Fall 2018 Faculty Advising Memo

MEMORANDUM


TO: Engineering Undergraduate Students
FROM: Richard Wesel, Associate Dean
Office of Academic and Student Affairs, HSSEAS
DATE: September 28, 2018
RE: SEE YOUR FACULTY ADVISOR

Dear Student,

As the first week of fall quarter begins, I want to remind you of the faculty advising program within Engineering. This program makes it easy for you to meet with a faculty advisor each quarter. All but a handful of the thousands of Engineering students took advantage of this system last year, and survey results from those students indicate more than 94% had a positive experience.

I am writing you now to emphasize three main points:

1. It is easy and takes only ten minutes to meet with a faculty advisor during the next two weeks (the second and third weeks of fall quarter).
2. It is worthwhile. You can gain valuable information by doing this.
3. It is required, and there is a significant penalty if you fail to have this meeting during the current academic year.

Let me address each of these three points in detail:

It is easy. You can meet with your advisor at any time they are available, but the easiest times are those posted by your advisor. Each quarter all tenured and tenure-track HSSEAS professors, except those on sabbatical, post and email at least three hours of meeting times for their undergraduate advisees. (These times are usually during second or third week of the quarter.) You should receive an email this week or earlier that invites you to fall quarter advising.

To view your faculty advising information, login to MyEngineering and in the “My Profile” block, click on the “My Advisors” link. The link https://my.engineering.ucla.edu/user/advisors takes you directly to that page. Here you will find the posted meeting times for your advisor and an archive of his or her emails inviting you to visit during their posted times.

What if your professor did not post times or the times they posted conflict with your classes? Please note that you can meet the faculty-advising requirement by meeting with any tenured or tenure-track faculty advisor in your department. You have the ability to immediately change your official faculty advisor at the “My Advisors” page. Even if you do not change your official advisor, any faculty advisor can check you off as an “unofficial advisee” if you provide them with your UCLA ID number.

The “My Advisors” page provides all of the posted meeting times for all of the faculty advisors in your department. These times are available when you click on “change my advisors”. If meeting with your assigned advisor is difficult, simply pick a professor with a time that works for you and go see them.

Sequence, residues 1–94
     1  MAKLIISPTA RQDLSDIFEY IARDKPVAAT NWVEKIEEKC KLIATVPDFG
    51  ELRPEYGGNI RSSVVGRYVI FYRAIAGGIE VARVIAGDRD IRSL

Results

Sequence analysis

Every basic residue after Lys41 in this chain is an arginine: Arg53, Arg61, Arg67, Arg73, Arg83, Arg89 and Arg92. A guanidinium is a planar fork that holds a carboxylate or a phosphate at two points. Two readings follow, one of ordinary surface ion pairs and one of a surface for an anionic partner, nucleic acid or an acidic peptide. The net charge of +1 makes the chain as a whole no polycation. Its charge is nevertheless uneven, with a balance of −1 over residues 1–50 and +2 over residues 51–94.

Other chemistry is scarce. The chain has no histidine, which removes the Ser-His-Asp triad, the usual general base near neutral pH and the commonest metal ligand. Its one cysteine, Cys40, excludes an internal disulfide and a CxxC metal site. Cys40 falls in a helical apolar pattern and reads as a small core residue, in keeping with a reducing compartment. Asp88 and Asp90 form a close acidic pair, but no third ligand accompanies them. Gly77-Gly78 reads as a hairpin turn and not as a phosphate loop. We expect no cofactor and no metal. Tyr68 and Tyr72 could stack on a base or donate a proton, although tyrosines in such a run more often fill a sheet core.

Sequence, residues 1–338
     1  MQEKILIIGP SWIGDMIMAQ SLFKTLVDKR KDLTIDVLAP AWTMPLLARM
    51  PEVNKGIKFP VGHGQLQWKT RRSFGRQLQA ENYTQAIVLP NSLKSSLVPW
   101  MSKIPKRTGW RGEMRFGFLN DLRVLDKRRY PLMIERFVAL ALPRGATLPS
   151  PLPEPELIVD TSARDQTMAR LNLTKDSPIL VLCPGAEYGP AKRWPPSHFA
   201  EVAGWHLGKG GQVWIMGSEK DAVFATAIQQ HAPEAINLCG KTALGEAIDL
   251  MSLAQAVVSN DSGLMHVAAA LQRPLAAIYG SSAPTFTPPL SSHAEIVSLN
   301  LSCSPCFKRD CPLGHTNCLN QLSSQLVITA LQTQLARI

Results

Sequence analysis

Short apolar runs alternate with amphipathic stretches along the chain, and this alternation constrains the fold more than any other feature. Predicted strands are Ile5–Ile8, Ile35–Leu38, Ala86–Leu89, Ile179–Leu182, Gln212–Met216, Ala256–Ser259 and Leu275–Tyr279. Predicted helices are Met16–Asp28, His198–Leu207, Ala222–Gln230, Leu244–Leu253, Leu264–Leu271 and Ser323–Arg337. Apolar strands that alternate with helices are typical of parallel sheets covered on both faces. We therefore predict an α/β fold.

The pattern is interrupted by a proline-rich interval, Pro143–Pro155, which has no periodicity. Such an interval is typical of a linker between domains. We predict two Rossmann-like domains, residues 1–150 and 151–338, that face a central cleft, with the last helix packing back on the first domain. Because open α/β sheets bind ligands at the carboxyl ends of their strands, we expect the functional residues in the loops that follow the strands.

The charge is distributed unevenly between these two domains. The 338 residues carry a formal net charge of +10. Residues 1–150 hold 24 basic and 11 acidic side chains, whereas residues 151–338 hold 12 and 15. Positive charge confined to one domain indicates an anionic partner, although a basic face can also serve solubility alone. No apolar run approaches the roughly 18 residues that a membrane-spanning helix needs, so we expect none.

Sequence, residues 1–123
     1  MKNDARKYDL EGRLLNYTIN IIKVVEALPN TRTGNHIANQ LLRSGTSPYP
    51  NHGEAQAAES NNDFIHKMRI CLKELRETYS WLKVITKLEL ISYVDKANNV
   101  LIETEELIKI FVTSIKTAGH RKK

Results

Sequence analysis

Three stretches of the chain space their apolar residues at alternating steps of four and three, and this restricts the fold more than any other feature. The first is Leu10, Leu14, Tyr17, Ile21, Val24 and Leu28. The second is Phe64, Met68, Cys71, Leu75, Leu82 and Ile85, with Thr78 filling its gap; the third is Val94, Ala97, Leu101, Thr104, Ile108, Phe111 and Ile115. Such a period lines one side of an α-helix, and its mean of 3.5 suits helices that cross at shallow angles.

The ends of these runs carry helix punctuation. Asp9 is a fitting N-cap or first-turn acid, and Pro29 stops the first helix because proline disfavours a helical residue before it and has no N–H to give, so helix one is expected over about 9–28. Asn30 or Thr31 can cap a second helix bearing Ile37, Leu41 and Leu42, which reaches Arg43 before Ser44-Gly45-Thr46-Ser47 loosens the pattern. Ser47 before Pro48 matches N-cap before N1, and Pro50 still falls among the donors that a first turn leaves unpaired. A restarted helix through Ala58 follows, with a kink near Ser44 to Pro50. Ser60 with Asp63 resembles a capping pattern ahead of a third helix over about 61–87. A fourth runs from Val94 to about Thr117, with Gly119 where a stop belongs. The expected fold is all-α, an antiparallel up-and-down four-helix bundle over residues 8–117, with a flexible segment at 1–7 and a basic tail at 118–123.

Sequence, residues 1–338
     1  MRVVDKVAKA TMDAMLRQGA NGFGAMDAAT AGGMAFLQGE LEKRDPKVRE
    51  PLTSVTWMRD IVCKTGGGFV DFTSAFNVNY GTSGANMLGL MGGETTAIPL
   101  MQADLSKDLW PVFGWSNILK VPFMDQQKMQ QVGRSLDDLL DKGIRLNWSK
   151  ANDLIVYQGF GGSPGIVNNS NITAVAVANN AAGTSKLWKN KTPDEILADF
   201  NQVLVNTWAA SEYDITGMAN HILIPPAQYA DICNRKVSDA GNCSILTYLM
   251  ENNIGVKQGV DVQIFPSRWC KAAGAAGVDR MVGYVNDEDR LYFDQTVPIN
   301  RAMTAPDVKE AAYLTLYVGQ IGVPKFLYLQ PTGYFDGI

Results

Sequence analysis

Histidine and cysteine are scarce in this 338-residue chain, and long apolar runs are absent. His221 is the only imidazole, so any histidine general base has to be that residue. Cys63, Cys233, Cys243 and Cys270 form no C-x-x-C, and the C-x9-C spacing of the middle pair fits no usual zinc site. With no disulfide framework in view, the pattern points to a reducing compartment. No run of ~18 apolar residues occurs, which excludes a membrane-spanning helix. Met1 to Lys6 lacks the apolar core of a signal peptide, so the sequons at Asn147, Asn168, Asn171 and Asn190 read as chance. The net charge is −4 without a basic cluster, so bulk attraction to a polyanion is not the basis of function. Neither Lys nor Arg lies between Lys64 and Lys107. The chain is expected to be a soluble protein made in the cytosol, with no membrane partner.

An FAQ link with answers to common questions about faculty advising of undergraduates is at https://www.seasoasa.ucla.edu/faqs-undergraduate-students/#faculty-advising-questions-2. If you have questions about faculty advising, check it out. If the FAQ page does not answer your questions, email James Washington, who handles administration of faculty advising. His email is advisor_checks@seas.ucla.edu.

It is worthwhile. Your faculty advisor knows a lot about careers in your major, undergraduate research opportunities in your department, how to get into graduate school, and in general how to succeed as an engineer. Your faculty advisor may end up writing a letter of recommendation for you or helping you with advice as you make difficult life or career decisions. Your advisor can be an important resource, but only if you meet with them.

Faculty advisors provide advice on a variety of topics as discussed above. However, see a counselor in the Academic and Student Affairs Office http://seasoasa.ucla.edu/ at 6426 Boelter Hall for course requirements, academic regulations, or to plan your schedule to graduate on time.

It is required. You are required to see a faculty advisor at least once every academic year. If you do not meet with your advisor during fall and winter, and you fail to meet with an advisor during the first three weeks of spring quarter, a hold will be placed on your records during the fourth week of spring quarter.

A hold will prevent you from making any changes to your academic schedule. You will be unable to add or drop courses. You will be unable to enroll in fall courses until the hold is removed. To remove the hold, you will need to meet with your faculty advisor. Note that this may be difficult since the official advising period will be over when the hold is placed. Avoid all this hassle by meeting with your advisor before the deadline during the regularly scheduled times.

I hope that you will take full advantage of the faculty advising resource. It only takes a few minutes. It can be very beneficial for you. It is a required activity, at least once a year.

Warm Regards,

Richard Wesel
Associate Dean
Professor of Electrical Engineering
Associate Dean of Academic and Student Affairs
UCLA Henry Samueli School of Engineering and Applied Science